To complete an M.A. in International Affairs or Political Science, students must fulfill the following requirements:
Some students choose the thesis option (Plan A), in which case there are some small adjustments in these requirements.
Most full-time students will be able to complete these requirements in four semesters.
An M.A. in Political Science or International Affairs requires 30 hours of coursework or, in other words, 30 credits. Graduate courses are 3 credits each, so this is the equivalent of 10 courses. There are some restrictions on which courses will fulfill these requirements:
(1) At least 18 credits of the 30 credits must come from
graduate-level courses. The other 12 credits may come from upper division
undergraduate courses taken for graduate credit, though students are discouraged from taking more than one or two such courses during their time in the program. Students taking an upper-division undergraduate course for graduate credit must meet with the professor and arrange additional readings, writing assignments, and/or face-to-face sessions to justify the awarding of graduate credit. Please
note that not all upper-division undergraduate courses are available
for graduate credit. The timetable for each semester will indicate
those courses that are available for graduate credit. Graduate students will not receive credit for lower division
undergraduate courses. If students
select the thesis option, up to 6 of their 30 hours may be thesis
credits (POSC 6999). In that case, at least 15 the remaining credits
must come from graduate-level courses.
(2) Students may complete up to 9 hours of courses outside the political science department. Under special circumstances they may petition the department to complete another 3 hours outside the department. This includes both graduate classes taken in other departments at Marquette and courses taken at other universities. In either case, the courses must be cognate to the major focus of their studies in the department. For example, an International Affairs student specializing in political economy would be encouraged to take a graduate course in international trade, but would not receive credit for a graduate course in American history.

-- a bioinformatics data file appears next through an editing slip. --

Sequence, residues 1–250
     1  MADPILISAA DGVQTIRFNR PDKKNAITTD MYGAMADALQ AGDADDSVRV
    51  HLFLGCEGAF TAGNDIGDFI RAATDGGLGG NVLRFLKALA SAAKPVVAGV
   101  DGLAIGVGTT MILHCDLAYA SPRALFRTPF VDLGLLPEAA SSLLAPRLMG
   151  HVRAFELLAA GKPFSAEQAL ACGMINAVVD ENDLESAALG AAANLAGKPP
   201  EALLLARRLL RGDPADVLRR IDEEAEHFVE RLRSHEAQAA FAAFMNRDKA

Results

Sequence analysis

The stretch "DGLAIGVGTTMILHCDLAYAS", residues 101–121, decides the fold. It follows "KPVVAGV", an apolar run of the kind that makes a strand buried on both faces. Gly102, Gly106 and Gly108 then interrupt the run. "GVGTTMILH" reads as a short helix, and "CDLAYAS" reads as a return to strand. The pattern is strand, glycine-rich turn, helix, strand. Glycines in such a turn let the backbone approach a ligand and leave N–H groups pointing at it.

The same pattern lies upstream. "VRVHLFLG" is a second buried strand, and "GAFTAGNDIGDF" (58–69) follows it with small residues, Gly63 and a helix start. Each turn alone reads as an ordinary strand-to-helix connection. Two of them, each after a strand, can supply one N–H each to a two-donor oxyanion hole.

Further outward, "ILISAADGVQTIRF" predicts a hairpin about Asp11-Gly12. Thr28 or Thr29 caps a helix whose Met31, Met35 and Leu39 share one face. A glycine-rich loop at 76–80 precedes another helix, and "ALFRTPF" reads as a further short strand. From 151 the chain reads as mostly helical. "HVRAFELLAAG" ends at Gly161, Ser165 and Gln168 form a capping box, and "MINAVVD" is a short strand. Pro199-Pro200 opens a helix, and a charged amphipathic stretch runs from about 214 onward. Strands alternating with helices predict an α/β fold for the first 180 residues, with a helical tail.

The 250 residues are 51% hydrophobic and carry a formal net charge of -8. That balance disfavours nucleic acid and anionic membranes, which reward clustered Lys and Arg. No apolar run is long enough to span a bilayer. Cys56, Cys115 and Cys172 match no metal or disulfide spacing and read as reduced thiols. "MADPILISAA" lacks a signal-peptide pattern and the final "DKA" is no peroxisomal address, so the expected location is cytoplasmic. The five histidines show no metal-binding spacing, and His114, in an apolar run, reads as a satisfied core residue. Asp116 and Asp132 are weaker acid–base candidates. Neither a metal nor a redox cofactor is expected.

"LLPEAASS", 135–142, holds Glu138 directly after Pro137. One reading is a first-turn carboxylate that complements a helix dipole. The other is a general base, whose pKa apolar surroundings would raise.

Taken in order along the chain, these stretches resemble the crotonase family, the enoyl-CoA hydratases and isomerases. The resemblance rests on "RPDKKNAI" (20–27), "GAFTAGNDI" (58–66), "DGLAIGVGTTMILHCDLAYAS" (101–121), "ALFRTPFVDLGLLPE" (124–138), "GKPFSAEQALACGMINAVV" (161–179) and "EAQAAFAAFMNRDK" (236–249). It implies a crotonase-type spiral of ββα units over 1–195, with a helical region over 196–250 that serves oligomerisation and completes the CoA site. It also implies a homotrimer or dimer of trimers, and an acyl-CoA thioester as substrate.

All Political Science and International Affairs graduate students must complete POSC 6101, Contemporary Political Research. This course helps students understand how to conduct and interpret research in their fields.
All Political Science and International Affairs graduate students must complete core seminars in their fields of study. These courses introduce students to the fields of political science and international affairs. International Affairs and Political Science graduate students take somewhat different core seminars. International Affairs students complete the following two core seminars: POSC 6401, Comparative Politics and POSC 6601, International Politics. Political Science students chose three of the following four core seminars: POSC 202, American Politics; POSC 6401, Comparative Politics; POSC 6201, International Politics; and POSC 6801, Political Philosophy.
These required courses count as part of the 30 hours of credits required for an M.A. in Political Science or International Affairs, and they count toward the required 18 hours of graduate-level courses.
For International Affairs M.A. students, additional courses taken to complete the 30 credit requirement must come from a combination of comparative politics and international politics graduate seminars and their cognate courses.
Students usually complete their M.A. Comprehensive Exams during their last semester in the program. This is a demanding endeavor, so students may wish to take a lighter course load during that semester.